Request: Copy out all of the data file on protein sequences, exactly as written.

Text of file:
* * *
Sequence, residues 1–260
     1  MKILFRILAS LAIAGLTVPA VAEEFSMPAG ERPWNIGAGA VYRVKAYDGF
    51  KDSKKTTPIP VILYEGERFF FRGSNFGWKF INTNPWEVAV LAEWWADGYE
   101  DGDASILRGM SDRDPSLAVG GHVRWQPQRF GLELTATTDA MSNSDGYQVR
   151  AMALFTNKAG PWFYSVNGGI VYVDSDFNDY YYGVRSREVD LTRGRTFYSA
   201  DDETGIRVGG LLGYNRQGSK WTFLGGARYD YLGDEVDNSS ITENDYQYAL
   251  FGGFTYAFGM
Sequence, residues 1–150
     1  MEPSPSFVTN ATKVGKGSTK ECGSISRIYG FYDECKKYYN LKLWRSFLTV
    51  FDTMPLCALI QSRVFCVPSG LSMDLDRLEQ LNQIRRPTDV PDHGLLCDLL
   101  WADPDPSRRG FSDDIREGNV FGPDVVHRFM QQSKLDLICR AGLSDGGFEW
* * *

Sequence, residues 1–260
     1  MKILFRILAS LAIAGLTVPA VAEEFSMPAG ERPWNIGAGA VYRVKAYDGF
    51  KDSKKTTPIP VILYEGERFF FRGSNFGWKF INTNPWEVAV LAEWWADGYE
   101  DGDASILRGM SDRDPSLAVG GHVRWQPQRF GLELTATTDA MSNSDGYQVR
   151  AMALFTNKAG PWFYSVNGGI VYVDSDFNDY YYGVRSREVD LTRGRTFYSA
   201  DDETGIRVGG LLGYNRQGSK WTFLGGARYD YLGDEVDNSS ITENDYQYAL
   251  FGGFTYAFGM
Sequence, residues 1–150
     1  MEPSPSFVTN ATKVGKGSTK ECGSISRIYG FYDECKKYYN LKLWRSFLTV
    51  FDTMPLCALI QSRVFCVPSG LSMDLDRLEQ LNQIRRPTDV PDHGLLCDLL
   101  WADPDPSRRG FSDDIREGNV FGPDVVHRFM QQSKLDLICR AGLSDGGFEW